A prehistoric site at Hadsel, Vesterålen, north Norway

Hadsel is in an area dominated by magnetite-rich bedrock. The superficial deposits therefore contain large quantities of boulders and stones of rock types which emit a relatively high magnetic signal that can lead to confusing magnetic 'noise', but may also reveal hidden patterns. Gradiometer mapping near Hadsel Church has revealed prehistoric structures marked by accumulations of stones, but also evidence that these factors conflict with each other. The mapping was concentrated in three areas:

  1. Near the sea, where there are traces of Iron Age and Medieval boathouses
  2. A flat area with prehistoric graves just north of the churchyard and a farm mound
  3. A tri-radial cairn with a central standing stone just east of the main road
Because farming has ceased, the area is now becoming heavily overgrown.
 

Area 1
Before the gradiometer mapping began, only two boathouses had been recognised, but some indistinct fragments of walls indicated that several more might be present. Gradiometer scanning and mapping have now helped to reveal traces of perhaps as many as 12 boathouses in two rows. They partly show up in the form of back walls (in the northern row), and partly through the systematising of some accumulations of stones just to the south. East of the boathouse labelled no. 12 is what appears to be a strip of former shore cleared of stones so that boats could be drawn up from the sea. This is about 10 m from the present shoreline.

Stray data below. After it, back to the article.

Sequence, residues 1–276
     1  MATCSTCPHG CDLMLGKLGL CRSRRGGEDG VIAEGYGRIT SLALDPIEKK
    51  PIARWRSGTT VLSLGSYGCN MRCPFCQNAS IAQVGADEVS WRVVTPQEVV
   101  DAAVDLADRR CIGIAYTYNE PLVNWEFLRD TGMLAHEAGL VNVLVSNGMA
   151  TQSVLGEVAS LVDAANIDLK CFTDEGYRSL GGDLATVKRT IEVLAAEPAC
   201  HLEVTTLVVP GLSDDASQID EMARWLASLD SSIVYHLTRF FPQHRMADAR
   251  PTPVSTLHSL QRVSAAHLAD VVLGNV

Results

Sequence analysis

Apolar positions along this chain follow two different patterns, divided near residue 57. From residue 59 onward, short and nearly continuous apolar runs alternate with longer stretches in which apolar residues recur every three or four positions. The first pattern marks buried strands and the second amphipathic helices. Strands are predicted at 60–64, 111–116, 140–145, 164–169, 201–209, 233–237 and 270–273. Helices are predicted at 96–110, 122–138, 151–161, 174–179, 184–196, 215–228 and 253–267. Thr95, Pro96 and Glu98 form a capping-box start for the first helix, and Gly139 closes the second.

The present height of the boathouses above sea level, compared with the estimated rate of postglacial sea-level rise, indicates that the boathouses range in age from the earliest Iron Age to the Middle Ages (ca. 2500-800 BP).

 

Area 2
This map shows the result of the gradiometer mapping of a 60 x 30 m large area. The eastern part is dominated by a large stone setting (marked A). It measures approximately 22 x 22 m in diameter, but is somewhat damaged, particularly in the north. A small trial trench confirmed the interpretation. Anomalies further west indicate two possible prehistoric graves (B) and perhaps a stone ring (C). D marks the margin of a large Medieval farm mound.

Area 3
A large tri-radial cairn (common in parts of Scandinavia) and a boat-shaped cairn are obvious features on a strandline between the main road and a wooded slope down towards the boathouses further east. Gradiometer mapping, however, revealed several hidden surprises. It showed that it is mostly the eastern arm and the southwestern arm that are distinct, along with the central part of the cairn, with its large standing stone in the middle (blue on the gradiometer map). The northwestern arm and the large boat-shaped cairn (A) are scarcely revealed in the magnetic measurements, probably due to poor magnetic contrast with their immediate surroundings. On the other hand, where there is no surface structure, a broad, arm-like, linear anomaly runs NNE from the standing stone.

The northern end of a boat-shaped cairn (A) can be seen at the bottom right in the figure below. Red markings on the lowermost picture show how the structures appear on the surface.


 
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